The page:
15 June, 2024
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Tomljanovic and Saville out to avert Paris wipeout

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Daria Saville and Ajla Tomljanovic, the old guard of domestic tennis, have their work cut out to stop the Australian women’s game suffering its first French Open wipeout this century.

But the two stalwarts, who’ve overcome a couple of years of injury woes to be back in grand slam action against seeded opposition, are happy to be still flying the flag after their young colleagues failed to make it in Paris.

Saville and Tomljanovic
 Saville and Tomljanovic as Australia teammates at the 2019 Fed Cup final. Image by Fiona Hamilton/AAP PHOTOS 

“I feel like the old guard, as you call us, we’re definitely here to stay for sure for a couple more years at least,” the upbeat 31-year-old Tomljanovic told AAP.

“I know like if I could play 10 more years, I probably would with my eagerness.”

Meanwhile, Saville, back as Australia’s No.1 over six years since her last reign, told AAP she feels like a refreshed 26-year-old, not a 30-year-old wearied by injury setbacks that would have derailed a lesser individual.

Once 22-year-old Olivia Gadecki became the last Australian to succumb in qualifying at Roland Garros on Friday, the pair were charged with saving the day in the Paris main draw.

Not since 1997 has Australia failed to pilot at least one woman player into the second round at the French.

Yet it will be a tall order to avoid this with wildcard Tomljanovic, who’s played just one match in four months after knee problems and a surgical procedure, playing Ukraine’s 30th seed Dayana Yastremska first up on Sunday, with Saville drawn against Italian high-flyer Jasmine Paolini, the 12th seed.

Melbourne’s Saville had suggested earlier in the week it was now the turn of Australia’s young brigade to take the reins.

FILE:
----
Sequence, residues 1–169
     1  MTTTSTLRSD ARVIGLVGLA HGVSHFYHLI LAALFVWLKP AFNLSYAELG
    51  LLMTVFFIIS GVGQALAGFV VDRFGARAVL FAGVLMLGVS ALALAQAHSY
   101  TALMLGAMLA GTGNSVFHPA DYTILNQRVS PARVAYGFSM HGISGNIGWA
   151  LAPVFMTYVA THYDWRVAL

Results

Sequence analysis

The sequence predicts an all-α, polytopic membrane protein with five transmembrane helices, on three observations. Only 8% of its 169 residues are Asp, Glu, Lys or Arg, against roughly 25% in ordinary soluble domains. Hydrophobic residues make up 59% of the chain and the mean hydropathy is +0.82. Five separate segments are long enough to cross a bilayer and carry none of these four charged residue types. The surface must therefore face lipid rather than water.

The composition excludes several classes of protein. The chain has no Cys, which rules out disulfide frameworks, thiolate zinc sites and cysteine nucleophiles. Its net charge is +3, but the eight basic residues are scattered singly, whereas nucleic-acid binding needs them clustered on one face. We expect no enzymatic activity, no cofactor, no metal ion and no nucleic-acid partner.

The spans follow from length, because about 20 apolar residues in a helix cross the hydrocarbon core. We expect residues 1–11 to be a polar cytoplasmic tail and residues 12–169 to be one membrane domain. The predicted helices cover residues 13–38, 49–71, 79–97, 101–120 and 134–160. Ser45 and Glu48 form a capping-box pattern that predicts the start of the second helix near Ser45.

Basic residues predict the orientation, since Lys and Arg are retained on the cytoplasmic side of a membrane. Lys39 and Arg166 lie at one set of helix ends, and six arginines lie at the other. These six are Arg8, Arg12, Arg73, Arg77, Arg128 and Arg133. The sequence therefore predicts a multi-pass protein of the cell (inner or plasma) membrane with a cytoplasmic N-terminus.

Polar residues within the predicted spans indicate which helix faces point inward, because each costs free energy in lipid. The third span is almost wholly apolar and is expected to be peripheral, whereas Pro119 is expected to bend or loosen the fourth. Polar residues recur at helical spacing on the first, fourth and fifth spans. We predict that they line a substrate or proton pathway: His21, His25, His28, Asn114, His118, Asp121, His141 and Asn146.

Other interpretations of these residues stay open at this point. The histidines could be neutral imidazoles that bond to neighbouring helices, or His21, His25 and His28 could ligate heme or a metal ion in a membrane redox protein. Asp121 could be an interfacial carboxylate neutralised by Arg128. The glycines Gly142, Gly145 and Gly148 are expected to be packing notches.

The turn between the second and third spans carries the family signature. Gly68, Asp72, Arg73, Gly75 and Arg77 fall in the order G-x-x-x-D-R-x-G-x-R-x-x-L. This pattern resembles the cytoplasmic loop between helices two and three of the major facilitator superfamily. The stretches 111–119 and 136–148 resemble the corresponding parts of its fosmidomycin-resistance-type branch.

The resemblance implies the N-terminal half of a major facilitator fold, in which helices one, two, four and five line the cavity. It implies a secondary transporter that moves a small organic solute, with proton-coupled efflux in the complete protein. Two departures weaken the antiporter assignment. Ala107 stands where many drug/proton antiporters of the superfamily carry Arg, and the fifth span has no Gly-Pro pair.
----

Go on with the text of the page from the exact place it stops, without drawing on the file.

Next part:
“Well, they’ve got the pressure. They haven’t actually had their breakthrough, so I guess it’s really their turn now,” she said.

Not quite yet, though.

For while both are encouraged by the progress of Gadecki, 18-year-old Taylah Preston and 15-year-old Emerson Jones, the world’s No.3 junior, for the moment they’re the duo still holding the fort. 

“I feel like even though I’m 30, I’m more like a 26-year-old player, because of how many years I’ve missed out on, so I don’t feel tired,” said Saville, fancying she can return to the world’s top 30 as she keeps improving following her ACL tear in November 2022.

“I’m healthy and I’m excited, so I don’t feel like, ‘oh my god, I’ve been around this tour for so long, I’m sick of it’.”

Tomljanovic concurred. “I like having that freshness and hunger to play because I think a lot of the girls my age are maybe a bit more tired, whereas I’m a lot more refreshed.

“I can relate. I’ve been the girl that was a bit burnt out by the time the French came. So I’m trying to take every positive I can. 

“I see my career, at least if I’m healthy, with like four or five more years, which is a pretty good feeling. I think it’s same with Dasha (Saville). She’s had some setbacks as well but she could be fresh in her mind just like me.”

And to put an extra spring in their step, the pair have even teamed up for a crack at the doubles.

“Hopefully, a good combination,” beamed Saville. 

Certainly, an irrepresible one.

AUSTRALIANS IN ACTION ON DAY ONE OF THE FRENCH OPEN (PREFIX DENOTES SEEDING):

Men’s singles

Aleksandar Vukic v Zhizhen Zhang (CHN)

Jordan Thompson v Maximilian Marterer (GER) 

Women’s singles

Ajla Tomljanovic v 30-Dayana Yastremska (UKR)

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